UTU members wishing to participate in a rally supporting collective-bargaining rights for public employee should contact their state legislative director, as no formal schedule exists. Most rallies, in dozens of states, are being coordinated by state branches of the AFL-CIO.

Meanwhile, newspaper editorials and opinion articles are exposing legislative efforts to strip away collective bargaining rights as union-busting tactics with no legitimate connection to state financial problems.

Here is a sampling:

Nationally syndicated columnist Eugene Robinson:

“It has long been common for unions to accept better health and pension benefits in lieu of higher salaries — in effect, taking the money later rather than sooner. Now that these IOUs are coming due, Wisconsin wants to renege. I thought Republicans were supposed to believe that a contract is a contract, sacred and inviolate. Guess not. This is pure, unadulterated union busting.”

Stanford University law professor William B. Gould IV, a former chairman of the National Labor Relations Board:

“It is downright obscene to strip workers of unions while deficit-spending tax breaks to the rich are being handed out as they are in Wisconsin. As the United States has argued for South Africa, Poland and now Egypt, unions are a basic part of democratic society. Yet that is the principal under attack by Gov. Walker in Wisconsin now. The answer is not to destroy the democratic fabric and the political opposition, but rather to engage in dialogue.”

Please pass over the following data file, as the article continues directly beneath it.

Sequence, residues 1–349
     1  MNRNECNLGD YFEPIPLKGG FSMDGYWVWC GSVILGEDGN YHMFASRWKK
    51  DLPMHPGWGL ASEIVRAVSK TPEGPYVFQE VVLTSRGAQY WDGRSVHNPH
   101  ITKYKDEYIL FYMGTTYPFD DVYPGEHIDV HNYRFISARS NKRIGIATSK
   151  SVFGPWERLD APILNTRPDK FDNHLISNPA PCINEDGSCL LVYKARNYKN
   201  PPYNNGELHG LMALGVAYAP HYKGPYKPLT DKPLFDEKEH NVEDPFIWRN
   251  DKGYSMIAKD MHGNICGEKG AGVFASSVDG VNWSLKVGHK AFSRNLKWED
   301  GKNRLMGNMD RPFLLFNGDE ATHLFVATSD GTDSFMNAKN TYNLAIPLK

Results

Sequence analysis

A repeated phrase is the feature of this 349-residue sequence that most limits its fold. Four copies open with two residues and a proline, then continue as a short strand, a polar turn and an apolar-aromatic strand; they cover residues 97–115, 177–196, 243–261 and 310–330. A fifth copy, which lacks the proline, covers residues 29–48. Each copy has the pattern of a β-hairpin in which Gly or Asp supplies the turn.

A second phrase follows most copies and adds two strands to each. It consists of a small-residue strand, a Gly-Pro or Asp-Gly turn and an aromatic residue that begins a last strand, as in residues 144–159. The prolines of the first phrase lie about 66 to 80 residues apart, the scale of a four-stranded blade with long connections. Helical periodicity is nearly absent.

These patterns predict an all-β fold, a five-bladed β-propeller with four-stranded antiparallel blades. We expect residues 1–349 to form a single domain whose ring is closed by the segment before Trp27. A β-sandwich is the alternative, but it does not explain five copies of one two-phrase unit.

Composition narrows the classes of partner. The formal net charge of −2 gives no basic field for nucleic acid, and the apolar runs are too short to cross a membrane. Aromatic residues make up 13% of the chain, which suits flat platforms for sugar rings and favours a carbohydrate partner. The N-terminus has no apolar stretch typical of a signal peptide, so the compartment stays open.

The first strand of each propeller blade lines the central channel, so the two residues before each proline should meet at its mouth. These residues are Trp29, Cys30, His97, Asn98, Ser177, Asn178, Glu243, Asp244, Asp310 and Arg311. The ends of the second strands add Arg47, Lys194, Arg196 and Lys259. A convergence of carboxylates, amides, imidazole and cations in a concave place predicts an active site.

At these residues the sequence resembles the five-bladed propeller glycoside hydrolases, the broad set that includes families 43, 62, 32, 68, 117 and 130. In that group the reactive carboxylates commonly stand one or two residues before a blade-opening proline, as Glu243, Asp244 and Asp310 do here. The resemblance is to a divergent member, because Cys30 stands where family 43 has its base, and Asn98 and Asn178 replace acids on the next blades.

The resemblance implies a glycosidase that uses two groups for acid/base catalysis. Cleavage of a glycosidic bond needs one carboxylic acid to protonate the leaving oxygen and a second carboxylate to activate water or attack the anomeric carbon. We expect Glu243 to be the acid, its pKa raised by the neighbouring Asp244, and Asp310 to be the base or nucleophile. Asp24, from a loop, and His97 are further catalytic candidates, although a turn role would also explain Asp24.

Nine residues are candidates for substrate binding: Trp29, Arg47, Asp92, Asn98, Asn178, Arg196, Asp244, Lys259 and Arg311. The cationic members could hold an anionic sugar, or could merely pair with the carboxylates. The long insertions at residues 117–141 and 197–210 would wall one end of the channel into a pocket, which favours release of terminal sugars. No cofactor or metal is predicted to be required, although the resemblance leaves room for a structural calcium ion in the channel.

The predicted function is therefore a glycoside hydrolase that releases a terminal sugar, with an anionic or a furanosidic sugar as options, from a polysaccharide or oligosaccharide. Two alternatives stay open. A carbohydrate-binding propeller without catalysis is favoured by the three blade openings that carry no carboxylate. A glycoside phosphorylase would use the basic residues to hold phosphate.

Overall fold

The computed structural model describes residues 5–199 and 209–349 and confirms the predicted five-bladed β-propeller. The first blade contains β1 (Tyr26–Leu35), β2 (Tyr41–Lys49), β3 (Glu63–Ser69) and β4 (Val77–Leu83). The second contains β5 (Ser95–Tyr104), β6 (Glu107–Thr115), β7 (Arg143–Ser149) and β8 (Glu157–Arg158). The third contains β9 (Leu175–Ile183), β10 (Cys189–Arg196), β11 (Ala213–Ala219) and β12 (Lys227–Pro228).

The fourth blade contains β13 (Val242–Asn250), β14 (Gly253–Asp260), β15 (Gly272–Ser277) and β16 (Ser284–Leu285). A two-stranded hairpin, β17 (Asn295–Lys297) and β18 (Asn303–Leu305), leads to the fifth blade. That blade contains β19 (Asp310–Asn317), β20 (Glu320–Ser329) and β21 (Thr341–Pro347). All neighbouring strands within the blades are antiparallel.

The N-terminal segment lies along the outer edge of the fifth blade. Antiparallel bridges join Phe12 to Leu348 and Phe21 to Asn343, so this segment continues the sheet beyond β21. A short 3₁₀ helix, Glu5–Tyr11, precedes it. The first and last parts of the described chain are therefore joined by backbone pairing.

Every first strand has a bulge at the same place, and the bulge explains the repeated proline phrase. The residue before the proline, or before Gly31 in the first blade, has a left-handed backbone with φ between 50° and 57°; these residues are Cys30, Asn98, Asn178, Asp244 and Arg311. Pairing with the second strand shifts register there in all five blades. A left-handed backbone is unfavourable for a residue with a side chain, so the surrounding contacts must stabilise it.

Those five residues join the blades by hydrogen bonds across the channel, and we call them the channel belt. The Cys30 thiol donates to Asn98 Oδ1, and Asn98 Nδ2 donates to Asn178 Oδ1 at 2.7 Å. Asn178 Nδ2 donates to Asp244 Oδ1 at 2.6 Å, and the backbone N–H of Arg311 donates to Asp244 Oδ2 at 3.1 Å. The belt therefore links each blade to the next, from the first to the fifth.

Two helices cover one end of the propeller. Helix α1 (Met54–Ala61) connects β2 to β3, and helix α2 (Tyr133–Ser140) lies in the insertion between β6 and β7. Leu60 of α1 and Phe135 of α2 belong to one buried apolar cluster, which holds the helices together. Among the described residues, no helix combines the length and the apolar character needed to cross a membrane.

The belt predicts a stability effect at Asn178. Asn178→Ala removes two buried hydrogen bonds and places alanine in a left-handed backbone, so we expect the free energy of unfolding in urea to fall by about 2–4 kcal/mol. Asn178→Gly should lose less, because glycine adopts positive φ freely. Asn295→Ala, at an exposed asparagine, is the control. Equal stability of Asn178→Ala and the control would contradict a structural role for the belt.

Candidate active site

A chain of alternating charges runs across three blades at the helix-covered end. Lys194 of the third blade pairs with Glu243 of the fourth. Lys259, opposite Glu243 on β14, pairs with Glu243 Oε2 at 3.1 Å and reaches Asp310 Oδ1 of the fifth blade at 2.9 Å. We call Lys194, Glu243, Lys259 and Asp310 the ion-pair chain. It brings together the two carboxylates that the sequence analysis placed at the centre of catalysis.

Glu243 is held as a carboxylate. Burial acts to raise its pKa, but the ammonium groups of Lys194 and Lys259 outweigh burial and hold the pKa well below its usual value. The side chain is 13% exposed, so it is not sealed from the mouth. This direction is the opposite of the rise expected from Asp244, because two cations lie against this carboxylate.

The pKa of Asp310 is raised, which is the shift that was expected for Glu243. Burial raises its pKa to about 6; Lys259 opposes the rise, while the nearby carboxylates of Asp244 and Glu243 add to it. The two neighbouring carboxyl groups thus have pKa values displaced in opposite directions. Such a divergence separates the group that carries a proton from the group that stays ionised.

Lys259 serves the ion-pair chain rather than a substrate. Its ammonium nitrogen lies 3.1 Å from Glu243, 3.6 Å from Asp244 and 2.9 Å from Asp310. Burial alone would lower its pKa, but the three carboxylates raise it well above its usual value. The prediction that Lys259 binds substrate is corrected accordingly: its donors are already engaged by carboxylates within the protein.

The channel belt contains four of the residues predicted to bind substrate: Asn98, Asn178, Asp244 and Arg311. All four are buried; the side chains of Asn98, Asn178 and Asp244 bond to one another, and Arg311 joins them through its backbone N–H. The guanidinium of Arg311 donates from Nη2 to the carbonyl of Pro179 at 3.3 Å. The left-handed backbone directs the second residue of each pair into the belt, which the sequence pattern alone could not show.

Linda Kaboolian, lecturer in public policy at Harvard:

“Gov. Walker isn’t interest in saving money. He’s interested in crippling the unions that didn’t support him last fall.”

New York Times editorial:

“Republican talk of balancing budgets is cover for the real purpose of gutting the political force of middle-class state workers, who are steady supporters of Democrats and pose a threat to a growing conservative agenda. Conservative leaders in most states with strong unions have in the past generally made accommodations with organized labor, often winning support on social issues in return. That changed this year after wealthy conservatives poured tens of millions of dollars into the election campaigns of hard-right candidates.”

Chicago Tribune columnist Clarence Page:

“Without the right to collective bargaining, a union is little more than a social club.”

Gallup poll survey:

“While the public has ambivalent feelings toward public sector unions, they say they oppose any move by their state to eliminate collective bargaining rights by about a 2-to-1 margin.”

Madison, Wisc.,Capital Times editorial:

“Gov. Walker has made too many budget decisions not with an eye toward fiscal responsibility but with an eye toward rewarding his political benefactors. Now the governor says that Wisconsin needs to end collective bargaining for public employees and teachers. This is simply absurd. This is not about the money. This is not a fiscal crisis. This is a political crisis. And Walker has the power to resolve it by refocusing on fiscal issues, as opposed to pursuing the political goal of breaking unions.”